Silva Kir, the leader of south Sudan and President Omar al-Bashir of Sudan. The President said he would recognize the south if it voted for separation from the central government. Factional fighting in the south may jeopardize their independence., a photo by Pan-African News Wire File Photos on Flickr.
South Sudan Accuses Sudan of Breaking Peace Pact
By MICHAEL ONYIEGO Associated Press
JUBA, South Sudan February 14, 2012 (AP)
South Sudan on Tuesday accused its northern neighbor Sudan of bombing a border town, violating a non-aggression agreement between the two nations just hours after it was signed.
South Sudanese military officials said Sudan launched an attack early Saturday on the disputed town of Jau. Military spokesman Col. Philip Aguer said the area was shelled by Sudanese Armed Forces in the early morning then bombed by the Sudanese Air Force during the day.
Four South Sudanese soldiers were wounded in the attack, said Aguer.
A military spokesman in Sudan could not be reached for comment late Tuesday.
Jau lies on the border of South Sudan's Unity State and Sudan's South Kordofan state and has been claimed by both countries. Sudan is currently battling the SPLM-North, a rebel group that was linked to South Sudan's Southern People's Liberation Movement before the country gained independence in July. Khartoum has repeatedly accused South Sudan of continuing to support the SPLM-N, claims that Juba denies.
News of the attack comes on the heels of a memorandum of understanding on non-aggression signed by both governments in Ethiopia Friday evening.
South Sudan's Deputy Defense Minister Majak Agot Atem told reporters Tuesday that the agreement was based on a number of principles including "respect of each other's sovereignty and territorial integrity" and the "rejection of the use of force in conducting their relations."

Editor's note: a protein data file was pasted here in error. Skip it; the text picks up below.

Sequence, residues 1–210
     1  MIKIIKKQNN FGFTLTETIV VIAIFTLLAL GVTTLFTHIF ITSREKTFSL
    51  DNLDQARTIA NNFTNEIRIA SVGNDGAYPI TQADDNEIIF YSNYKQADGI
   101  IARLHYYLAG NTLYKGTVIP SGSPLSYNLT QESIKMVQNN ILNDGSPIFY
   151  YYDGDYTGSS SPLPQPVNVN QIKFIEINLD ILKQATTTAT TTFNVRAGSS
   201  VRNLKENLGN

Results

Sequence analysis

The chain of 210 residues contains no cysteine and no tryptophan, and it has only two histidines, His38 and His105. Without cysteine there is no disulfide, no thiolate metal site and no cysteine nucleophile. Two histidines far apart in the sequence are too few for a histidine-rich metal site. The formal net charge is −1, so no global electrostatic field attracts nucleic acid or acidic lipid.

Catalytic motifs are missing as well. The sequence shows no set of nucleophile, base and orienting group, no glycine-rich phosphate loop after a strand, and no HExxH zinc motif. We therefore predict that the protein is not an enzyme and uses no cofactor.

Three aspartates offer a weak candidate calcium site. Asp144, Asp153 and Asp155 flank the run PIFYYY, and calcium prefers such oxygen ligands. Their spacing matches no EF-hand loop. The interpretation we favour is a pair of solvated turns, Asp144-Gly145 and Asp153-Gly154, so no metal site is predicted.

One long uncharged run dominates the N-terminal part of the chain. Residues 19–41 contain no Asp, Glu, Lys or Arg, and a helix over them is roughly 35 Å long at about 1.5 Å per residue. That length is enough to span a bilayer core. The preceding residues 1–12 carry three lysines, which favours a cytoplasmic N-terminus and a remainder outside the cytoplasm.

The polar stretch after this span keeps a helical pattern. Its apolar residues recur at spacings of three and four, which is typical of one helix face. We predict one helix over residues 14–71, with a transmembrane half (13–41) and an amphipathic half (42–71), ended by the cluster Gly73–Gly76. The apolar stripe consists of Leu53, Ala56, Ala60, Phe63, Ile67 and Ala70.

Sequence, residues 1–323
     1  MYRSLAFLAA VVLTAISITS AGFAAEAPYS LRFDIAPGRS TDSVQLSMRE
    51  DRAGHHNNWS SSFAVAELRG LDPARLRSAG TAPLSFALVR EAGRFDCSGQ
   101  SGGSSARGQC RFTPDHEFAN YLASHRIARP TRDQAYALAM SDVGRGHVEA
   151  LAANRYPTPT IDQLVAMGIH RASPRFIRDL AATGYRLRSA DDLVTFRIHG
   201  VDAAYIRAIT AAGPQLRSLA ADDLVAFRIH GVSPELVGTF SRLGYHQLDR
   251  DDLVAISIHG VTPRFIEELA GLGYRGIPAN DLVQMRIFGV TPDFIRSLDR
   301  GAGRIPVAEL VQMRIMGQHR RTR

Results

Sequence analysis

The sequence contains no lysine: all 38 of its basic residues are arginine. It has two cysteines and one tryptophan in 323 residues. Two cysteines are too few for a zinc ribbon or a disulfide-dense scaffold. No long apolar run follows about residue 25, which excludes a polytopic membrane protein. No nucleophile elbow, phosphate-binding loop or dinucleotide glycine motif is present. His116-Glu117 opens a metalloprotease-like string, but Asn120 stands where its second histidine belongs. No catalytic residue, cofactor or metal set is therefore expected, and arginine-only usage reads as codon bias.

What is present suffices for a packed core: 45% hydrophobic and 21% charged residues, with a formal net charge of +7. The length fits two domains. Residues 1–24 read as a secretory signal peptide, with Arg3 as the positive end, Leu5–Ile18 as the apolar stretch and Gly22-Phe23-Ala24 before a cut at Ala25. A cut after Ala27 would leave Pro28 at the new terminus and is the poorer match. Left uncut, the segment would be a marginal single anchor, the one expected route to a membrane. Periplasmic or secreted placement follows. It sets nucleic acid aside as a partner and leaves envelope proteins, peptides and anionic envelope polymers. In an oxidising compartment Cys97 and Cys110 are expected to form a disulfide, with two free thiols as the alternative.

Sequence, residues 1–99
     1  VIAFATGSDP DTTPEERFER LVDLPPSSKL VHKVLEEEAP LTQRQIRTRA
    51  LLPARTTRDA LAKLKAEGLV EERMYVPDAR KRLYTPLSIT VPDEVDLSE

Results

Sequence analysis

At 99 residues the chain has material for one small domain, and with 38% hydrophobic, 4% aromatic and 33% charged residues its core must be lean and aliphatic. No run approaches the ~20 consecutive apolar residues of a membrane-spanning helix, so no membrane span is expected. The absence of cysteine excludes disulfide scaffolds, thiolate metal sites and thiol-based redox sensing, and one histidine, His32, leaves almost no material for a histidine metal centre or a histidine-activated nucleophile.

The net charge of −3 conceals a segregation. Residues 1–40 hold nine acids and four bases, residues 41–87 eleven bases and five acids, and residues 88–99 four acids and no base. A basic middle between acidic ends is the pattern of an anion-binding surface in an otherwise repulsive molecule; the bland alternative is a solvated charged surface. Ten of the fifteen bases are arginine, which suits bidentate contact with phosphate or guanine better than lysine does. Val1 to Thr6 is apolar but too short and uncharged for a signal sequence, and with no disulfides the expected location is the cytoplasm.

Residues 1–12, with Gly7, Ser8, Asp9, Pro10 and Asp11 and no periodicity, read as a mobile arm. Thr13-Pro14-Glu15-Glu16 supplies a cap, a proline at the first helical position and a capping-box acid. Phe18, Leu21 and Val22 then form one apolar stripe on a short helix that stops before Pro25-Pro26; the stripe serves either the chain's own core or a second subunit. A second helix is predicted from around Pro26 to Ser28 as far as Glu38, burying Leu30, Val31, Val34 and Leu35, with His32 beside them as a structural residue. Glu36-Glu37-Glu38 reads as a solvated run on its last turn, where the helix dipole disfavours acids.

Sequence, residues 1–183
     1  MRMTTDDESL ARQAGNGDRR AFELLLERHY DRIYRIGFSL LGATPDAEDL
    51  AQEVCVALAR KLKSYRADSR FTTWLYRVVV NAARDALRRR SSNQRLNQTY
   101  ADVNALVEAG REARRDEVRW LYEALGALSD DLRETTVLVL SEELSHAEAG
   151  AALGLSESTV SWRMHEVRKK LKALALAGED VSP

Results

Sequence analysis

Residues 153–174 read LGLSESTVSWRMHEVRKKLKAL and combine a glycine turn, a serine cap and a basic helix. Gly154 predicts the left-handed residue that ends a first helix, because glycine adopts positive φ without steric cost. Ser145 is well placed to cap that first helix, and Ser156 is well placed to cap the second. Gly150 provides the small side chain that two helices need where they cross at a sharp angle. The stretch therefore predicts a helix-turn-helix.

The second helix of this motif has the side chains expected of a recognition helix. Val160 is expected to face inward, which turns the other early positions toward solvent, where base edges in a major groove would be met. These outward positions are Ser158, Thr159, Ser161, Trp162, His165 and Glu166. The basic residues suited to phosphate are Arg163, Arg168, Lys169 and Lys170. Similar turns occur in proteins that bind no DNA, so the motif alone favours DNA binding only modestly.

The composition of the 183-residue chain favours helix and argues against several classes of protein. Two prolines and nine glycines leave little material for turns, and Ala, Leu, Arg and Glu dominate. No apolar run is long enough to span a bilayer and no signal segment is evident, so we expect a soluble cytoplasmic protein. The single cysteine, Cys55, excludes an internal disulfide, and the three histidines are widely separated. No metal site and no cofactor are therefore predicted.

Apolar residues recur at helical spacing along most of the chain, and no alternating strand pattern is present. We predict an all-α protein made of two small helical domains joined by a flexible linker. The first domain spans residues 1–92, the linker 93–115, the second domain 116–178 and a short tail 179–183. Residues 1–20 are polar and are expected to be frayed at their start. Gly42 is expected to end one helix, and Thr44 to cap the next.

The agreement was signed during talks in the Ethiopian capital to resolve outstanding provisions of the 2005 Comprehensive Peace Agreement, which ended more than two decades of civil war between the two sides.
At the center of the talks is the division of the two nations' once-unified oil industry. As part of the peace agreement, South Sudan declared independence from Khartoum, inheriting nearly three quarters of Sudan's oil production in the process. All of South Sudan's oil must still exported through pipelines through Sudan, but the two countries cannot agree on the transport fees Juba should pay.
In lieu of an agreement, Sudan recently declared it would take a percentage of South Sudan's oil as in-kind payments. South Sudan in turn accused Khartoum of stealing nearly all of its oil and decided to shut down all production in its oil fields, depriving Khartoum of a critical source of income.
The two countries are also far apart on other issues such as the demarcation of the north-south border and the status of the disputed Abyei region.
"Since the confiscation of South Sudan's oil, relations (between the two countries) are still teetering on the brink," said Atem.